The moral of last week's settlement agreement between RealNetworks and Microsoft is apparently that if you continue a lawsuit long enough against the Redmond software giant, they pay you off - in this case, to the (pun-intended) tune of $761 million.
That's not to say that ex-Microsoftie and RealNetworks founder Rob Glaser's complaints about Microsoft's past predatory practices were invalid. On the contrary, Microsoft clearly engaged in activities designed to make it harder for Windows users to use RealNetworks's audio and video products reliably. Whether these points were illegal in a criminal or civil standpoint had not yet been proven; Microsoft had been found to violate anti-trust laws in 2000 (see our coverage in TidBITS-525).
The $761 million that RealNetworks will receive comes in two pieces. The first installment of $460 million, paid up front, is intended to resolve all Real's claims for damages worldwide. Real also gets long-term access and licenses for Microsoft's Windows Media technology. Microsoft will also let RealNetworks integrate its player much more fully into Windows, let users more easily choose which media player to use, and allow companies like Dell to pre-install RealPlayer without crying foul or imposing sanctions.
The second chunk, $301 million, is actually credit against services. Microsoft will market Rhapsody, RealNetworks's subscription Windows-only streaming service, through MSN, and RealNetworks gets the right to buy ads on MSN to promote Rhapsody. In turn, RealNetworks will incorporate MSN Search within RealPlayer and will commit to using Microsoft technology for some services.
How does this affect Apple? Microsoft isn't buying RealNetworks, so we still have three large competing formats:Windows Media, RealAudio/RealVideo, and QuickTime. The market will remain in three pieces. In fact, it's clear that both RealNetworks and Microsoft are committed to developing their own formats further. But the disturbing part for Apple is that the two companies will work to make their digital rights management (DRM) schemes interoperable, which could create more unified competition for Apple's iTunes/iPod/iTunes Music Store troika, in which content is protected by Apple's closely held FairPlay DRM.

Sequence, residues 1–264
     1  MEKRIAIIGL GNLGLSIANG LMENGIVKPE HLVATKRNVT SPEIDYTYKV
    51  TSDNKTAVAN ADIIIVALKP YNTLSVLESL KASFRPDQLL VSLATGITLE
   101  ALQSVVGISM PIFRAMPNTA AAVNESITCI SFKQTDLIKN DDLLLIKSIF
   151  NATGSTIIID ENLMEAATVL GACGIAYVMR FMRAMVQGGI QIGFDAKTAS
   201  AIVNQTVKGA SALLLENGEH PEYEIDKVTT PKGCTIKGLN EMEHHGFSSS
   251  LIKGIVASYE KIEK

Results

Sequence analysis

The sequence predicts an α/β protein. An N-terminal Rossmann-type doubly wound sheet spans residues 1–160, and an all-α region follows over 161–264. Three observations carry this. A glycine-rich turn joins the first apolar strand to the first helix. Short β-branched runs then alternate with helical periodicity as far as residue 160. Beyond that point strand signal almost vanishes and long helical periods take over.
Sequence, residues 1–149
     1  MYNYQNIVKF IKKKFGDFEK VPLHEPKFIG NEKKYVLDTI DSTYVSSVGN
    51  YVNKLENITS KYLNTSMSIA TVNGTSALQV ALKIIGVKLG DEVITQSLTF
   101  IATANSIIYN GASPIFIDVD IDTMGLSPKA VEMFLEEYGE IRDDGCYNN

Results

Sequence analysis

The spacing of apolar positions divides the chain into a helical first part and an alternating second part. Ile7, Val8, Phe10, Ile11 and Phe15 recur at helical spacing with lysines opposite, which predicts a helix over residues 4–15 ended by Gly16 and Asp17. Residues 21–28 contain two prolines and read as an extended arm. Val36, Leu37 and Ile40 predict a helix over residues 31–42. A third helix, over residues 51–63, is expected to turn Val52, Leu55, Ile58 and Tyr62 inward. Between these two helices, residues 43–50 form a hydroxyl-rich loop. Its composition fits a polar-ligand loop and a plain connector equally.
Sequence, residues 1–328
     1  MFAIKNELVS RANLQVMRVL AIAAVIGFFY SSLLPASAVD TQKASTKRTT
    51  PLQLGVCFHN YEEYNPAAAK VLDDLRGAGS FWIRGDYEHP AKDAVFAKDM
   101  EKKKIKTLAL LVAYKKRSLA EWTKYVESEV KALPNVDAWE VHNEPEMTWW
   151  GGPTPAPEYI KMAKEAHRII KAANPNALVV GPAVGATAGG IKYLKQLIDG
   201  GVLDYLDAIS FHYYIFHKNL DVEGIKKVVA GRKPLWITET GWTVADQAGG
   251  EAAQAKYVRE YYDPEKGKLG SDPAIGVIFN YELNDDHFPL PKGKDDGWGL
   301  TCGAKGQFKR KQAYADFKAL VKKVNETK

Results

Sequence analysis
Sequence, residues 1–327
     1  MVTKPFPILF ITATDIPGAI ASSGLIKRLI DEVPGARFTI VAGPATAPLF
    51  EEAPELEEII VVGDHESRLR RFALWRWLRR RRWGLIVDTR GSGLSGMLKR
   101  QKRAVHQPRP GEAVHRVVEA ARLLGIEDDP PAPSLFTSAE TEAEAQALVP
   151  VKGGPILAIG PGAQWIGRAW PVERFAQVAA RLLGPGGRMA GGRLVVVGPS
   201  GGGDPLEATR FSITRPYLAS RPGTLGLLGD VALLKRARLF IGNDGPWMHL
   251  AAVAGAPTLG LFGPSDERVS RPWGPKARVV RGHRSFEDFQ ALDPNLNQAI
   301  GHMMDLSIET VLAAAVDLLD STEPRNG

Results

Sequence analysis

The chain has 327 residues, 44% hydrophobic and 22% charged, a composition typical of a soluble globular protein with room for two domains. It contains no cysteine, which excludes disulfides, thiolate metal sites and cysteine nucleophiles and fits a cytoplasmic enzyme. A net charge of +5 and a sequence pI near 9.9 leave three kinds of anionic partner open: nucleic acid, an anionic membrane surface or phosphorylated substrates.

In recent years, RealNetworks has transformed itself from its roots as a server software company that gave away a free player. Now the company is increasingly a premium subscription services firm that licenses content and distributes it through its RealPlayer Gold service, which handles video, and its Rhapsody music subscription service, which streams an unlimited number of different tunes to a PC for a monthly fee.
Real's stock surged upwards by 36 percent following the announcement, closing at nearly $8 per share. The stock, adjusted for splits, hit its all-time high of nearly $100 per share in 2000. In the last two years, the stock has gyrated between bands of about $5 and $7. The first payment of $460 million will bring the company's cash on hand from $260 million to $720 million.
(Disclosure: I own a very small number of RealNetworks shares because of the purchase eight years ago of a company I helped out in its early days. I never worked for RealNetworks, and my material benefit is not significant in terms of overall holdings.)